As cooking is the number-one cause of all home fires, this year’s Burn Awareness Week — February 6–12 — has as its theme “Burning Issues in the Kitchen.”
Wear short or close fitting sleeves when cooking: One of the most common scenarios Bauling sees at the burn center is burns resulting from long-sleeved, synthetic garments like robes or nightgowns that get ignited by a gas flame on the stove.
Avoid distractions: Stepping away from the stove even for a minute to watch the end of a TV program can have disastrous consequences, Bauling says.
Make sure you have the right lid: Especially when cooking with grease or oil, Bauling says, make sure you have the correct, tight-fitting lid for the pots and pans you are using. “When the fire flames up, all you need to do is calmly put the lid back on, and the fire instantly dies.”
Invest in a high-quality fire extinguisher: Not all fire extinguishers are created equal, Bauling says — look for an “ABC” fire extinguisher that contains a dry chemical suitable for kitchen and grease fires, as well as chemical and electrical fires, and fires involving ordinary combustibles like wood, paper, and cloth.
If you do get a burn, know who to call: “Fire stations, emergency rooms, and urgent cares typically can give you instructions over the phone,” he says, “or call the CU Burn Unit and ask for the charge nurse.”
The American Burn Association offers these additional tips for staying safe from kitchen burns:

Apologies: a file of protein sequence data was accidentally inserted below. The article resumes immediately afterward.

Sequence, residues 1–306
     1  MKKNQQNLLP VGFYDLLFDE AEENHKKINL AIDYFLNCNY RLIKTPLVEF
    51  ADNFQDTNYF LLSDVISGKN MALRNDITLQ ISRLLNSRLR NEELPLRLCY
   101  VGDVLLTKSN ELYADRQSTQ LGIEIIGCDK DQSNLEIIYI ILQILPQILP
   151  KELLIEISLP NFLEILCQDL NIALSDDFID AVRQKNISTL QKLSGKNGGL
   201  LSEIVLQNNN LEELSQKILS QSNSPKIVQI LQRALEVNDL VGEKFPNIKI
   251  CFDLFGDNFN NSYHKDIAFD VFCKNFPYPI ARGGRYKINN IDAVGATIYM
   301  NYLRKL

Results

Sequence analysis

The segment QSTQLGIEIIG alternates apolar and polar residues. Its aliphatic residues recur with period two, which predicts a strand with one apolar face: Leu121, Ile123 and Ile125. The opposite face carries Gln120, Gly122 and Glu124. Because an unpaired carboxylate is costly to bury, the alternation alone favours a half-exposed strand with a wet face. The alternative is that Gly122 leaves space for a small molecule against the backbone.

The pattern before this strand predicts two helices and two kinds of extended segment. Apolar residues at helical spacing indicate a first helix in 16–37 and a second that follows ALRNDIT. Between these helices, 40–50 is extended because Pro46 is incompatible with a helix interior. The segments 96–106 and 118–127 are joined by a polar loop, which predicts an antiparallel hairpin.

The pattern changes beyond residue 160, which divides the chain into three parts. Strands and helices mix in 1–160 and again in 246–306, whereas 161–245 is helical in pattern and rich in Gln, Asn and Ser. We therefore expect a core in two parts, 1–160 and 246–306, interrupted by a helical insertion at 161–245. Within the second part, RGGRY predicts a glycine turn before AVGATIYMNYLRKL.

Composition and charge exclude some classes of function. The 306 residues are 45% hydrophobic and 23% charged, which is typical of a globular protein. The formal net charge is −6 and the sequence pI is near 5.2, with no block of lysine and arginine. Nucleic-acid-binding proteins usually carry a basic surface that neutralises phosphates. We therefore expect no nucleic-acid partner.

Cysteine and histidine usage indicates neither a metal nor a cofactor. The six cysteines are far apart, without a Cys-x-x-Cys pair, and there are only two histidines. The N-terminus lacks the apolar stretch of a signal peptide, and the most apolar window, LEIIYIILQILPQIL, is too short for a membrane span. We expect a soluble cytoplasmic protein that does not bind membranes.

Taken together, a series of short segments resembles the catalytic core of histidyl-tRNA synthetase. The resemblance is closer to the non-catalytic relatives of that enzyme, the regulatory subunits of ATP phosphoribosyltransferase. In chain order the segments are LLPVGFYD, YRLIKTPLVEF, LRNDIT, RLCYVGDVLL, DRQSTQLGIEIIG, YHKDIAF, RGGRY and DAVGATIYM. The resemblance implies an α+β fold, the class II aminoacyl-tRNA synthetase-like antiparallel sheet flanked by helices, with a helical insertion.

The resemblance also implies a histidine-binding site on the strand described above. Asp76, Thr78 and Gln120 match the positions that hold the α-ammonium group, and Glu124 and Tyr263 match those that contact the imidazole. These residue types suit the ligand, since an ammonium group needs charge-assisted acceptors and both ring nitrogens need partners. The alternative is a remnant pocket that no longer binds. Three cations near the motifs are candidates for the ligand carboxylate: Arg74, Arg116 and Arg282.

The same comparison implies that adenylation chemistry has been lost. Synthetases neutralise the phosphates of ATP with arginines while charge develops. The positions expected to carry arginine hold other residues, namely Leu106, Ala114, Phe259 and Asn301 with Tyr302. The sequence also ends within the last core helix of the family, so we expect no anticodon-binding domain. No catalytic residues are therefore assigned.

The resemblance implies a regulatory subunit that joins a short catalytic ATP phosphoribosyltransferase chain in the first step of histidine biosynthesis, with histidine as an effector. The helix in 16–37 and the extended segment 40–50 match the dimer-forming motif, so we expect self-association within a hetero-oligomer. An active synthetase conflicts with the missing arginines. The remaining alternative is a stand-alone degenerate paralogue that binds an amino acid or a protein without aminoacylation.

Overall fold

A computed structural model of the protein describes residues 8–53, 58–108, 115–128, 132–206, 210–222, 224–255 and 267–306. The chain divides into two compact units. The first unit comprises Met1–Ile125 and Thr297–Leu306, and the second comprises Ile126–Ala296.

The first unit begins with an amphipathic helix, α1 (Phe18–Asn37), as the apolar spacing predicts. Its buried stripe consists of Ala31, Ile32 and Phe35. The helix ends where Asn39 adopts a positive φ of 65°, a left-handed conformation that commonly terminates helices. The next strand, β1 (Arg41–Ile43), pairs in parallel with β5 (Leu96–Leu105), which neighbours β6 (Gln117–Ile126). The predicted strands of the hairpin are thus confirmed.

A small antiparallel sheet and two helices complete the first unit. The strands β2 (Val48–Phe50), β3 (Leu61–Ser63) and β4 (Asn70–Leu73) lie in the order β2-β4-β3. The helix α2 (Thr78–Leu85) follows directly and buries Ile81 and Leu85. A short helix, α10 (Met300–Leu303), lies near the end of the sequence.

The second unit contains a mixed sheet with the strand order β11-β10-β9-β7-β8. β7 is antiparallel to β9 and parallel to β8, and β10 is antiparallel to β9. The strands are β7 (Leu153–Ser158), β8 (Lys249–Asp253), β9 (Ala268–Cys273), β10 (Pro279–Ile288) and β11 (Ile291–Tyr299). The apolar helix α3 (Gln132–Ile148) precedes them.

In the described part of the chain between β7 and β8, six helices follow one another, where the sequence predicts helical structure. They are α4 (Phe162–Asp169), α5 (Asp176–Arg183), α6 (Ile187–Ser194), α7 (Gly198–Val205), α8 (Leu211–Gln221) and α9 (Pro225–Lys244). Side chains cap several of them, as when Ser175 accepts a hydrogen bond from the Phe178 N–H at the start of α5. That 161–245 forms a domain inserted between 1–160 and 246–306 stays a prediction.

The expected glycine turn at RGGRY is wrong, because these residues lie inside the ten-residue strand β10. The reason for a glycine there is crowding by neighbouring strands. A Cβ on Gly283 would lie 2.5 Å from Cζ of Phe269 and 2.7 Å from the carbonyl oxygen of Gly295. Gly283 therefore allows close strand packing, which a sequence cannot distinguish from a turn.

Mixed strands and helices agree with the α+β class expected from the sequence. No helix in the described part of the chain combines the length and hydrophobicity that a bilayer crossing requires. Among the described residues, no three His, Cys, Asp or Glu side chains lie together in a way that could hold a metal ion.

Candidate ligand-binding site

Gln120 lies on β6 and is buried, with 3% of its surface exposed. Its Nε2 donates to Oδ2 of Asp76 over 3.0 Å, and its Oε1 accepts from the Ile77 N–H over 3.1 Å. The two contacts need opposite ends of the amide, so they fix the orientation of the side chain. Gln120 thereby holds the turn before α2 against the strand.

- Always wipe clean the stove, oven, and exhaust fan to prevent grease buildup.
- Turn pot or pan handles toward the back of the stove.
- When heating food in the microwave, use microwave-safe cookware that allows steam to escape.
- Allow food to rest before removing from the microwave.
- When frying, use a pan lid or splash guard to prevent grease splatter.
- If you are simmering, baking, roasting, or boiling food, check it regularly. Remain in the home while food is cooking, and use a timer to remind you to check on your food.
- After cooking, check the kitchen to make sure all burners and other appliances are turned off.
If a fire does happen, the American Burn Association recommends:
- Cover the pan with its lid. A cookie sheet works too. Leave covered until the pan is cool. NEVER move the pot or carry it outside — the pot is too hot to handle and the contents may splash, causing a severe burn.
- Turn the heat off. With the lid on and the heat off, the fire should quickly put itself out.
- NEVER use water to put out a kitchen fire. Water will cause the oil to splatter and spread the fire, or scald you as it vaporizes.
- If the fire is inside the oven or microwave, keep the door shut and turn it off. Keep closed until the oven is cool.
- If the fire gets out of control, get out, stay out and call 911. Don’t return inside for any reason.